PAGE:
- The Washington Times - Wednesday, July 6, 2011

A D.C. Department of Human Resources investigation failed to address lingering questions about how a key post was filled in the District’s Department of Youth Rehabilitation Services - creating uncertainty over the fate of Mayor Vincent C. Gray’s pick to lead the troubled juvenile justice agency.

The findings delivered by phone to council member Jim Graham late Tuesday do not reveal whether acting DYRS Director Neil A. Stanley tailored a job description for the superintendent of the New Beginnings Youth Development Center in Laurel to fit a candidate he knew socially.

Yet it does say there were “irregularities” in the hiring process and recommends three sanctions that fall short of affecting Mr. Stanley.

Mr. Graham said he has until Monday to convene a committee vote on Mr. Stanley before the full council’s legislative meeting on Tuesday, the last one before the summer recess. He said he needs time to figure out how he will proceed.

“I honestly don’t know right now,” he said.

Without a vote, Mr. Stanley would be deemed automatically confirmed next week.

Mr. Graham, Ward 1 Democrat and chairman of the Committee on Human Services, had voiced concern about claims that Mr. Stanley removed juvenile justice requirements from the job description for superintendent at New Beginnings.

The council member said the editing between January and a reposting in March appeared to make way for Capt. Steven Baynes, who had a successful U.S. Coast Guard career but no discernible experience in juvenile justice.

D.C. Department of Human Resources (DCHR) interim Director Shawn Stokes promised results by early this week, but the preliminary findings fell short of expectations by failing to address Mr. Stanley’s purported role.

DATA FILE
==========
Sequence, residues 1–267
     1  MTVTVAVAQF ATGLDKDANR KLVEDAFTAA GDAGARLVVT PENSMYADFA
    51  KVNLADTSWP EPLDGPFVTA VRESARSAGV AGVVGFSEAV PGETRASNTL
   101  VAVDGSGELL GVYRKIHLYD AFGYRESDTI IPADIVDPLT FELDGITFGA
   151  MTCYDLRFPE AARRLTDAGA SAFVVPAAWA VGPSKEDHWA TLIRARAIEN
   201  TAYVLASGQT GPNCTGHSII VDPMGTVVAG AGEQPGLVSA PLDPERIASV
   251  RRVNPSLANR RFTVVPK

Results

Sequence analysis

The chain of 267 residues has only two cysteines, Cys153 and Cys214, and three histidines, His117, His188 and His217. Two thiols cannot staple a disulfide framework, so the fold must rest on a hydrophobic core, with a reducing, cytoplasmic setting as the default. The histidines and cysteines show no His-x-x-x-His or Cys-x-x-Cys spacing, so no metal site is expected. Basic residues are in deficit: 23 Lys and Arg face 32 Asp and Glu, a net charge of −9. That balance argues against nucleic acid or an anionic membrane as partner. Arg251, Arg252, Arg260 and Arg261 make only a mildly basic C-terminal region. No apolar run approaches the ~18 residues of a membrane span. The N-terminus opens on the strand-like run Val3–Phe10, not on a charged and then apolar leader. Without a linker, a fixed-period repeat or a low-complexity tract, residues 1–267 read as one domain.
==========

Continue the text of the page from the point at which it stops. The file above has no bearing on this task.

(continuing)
“When asked to specify the ‘irregularities,’ Interim Director Stokes declined,” according to a timeline on the investigation from Mr. Graham’s office. “Ms. Stokes commented that any further details regarding the investigation would need to come from the Attorney General.”

Ms. Stokes recommended that DYRS’s independent hiring authority be rescinded for one year, that members of D.C. Human Resources detailed to DYRS be suspended without pay, and that personnel process complaints be centralized with the DCHR general counsel.

Mr. Graham said he asked human resources to look into the issue about six weeks ago and hoped the results would address his concerns surrounding Mr. Stanley’s confirmation.

“It didn’t address them at all,” Mr. Graham said, noting committee members are left to “reach our own conclusions.” “She knew how time-sensitive this issue is.”

Attempts to reach D.C. Human Resources officials for comment were unsuccessful.

Mr. Stanley has testified that he knew Capt. Baynes “through friends” and saw him as a qualified person to bring true leadership to the troubled facility.

He said job descriptions are updated routinely, but he would look into the matter.

His chief of staff, Christopher Shorter, said on Wednesday he has not seen the findings released by D.C. Human Resources.

“I can’t confirm or make any comment on DCHR investigation as of yet,” he said by phone.

He also could not comment on how the findings may affect Mr. Stanley’s confirmation.

Mr. Stanley served as general counsel for DYRS before Mr. Gray selected him as interim director in December and the official nominee in late March.

Mr. Graham has said Mr. Stanley benefited from significant support at his most recent confirmation hearing, despite the controversial hiring at New Beginnings.

The facility, which sits on 30 acres in Anne Arundel County, is the centerpiece of the Districts most recent efforts at juvenile justice reform. Described as “the anti-prison,” the $46 million facility offers high-risk offenders an intensive nine- to 12-month program of counseling, education and job training. But the center has space for just 60 of the roughly 1,100 DYRS wards and has been criticized since it opened as being inadequate for the agency’s needs.

• Tom Howell Jr. can be reached at thowell@washingtontimes.com.

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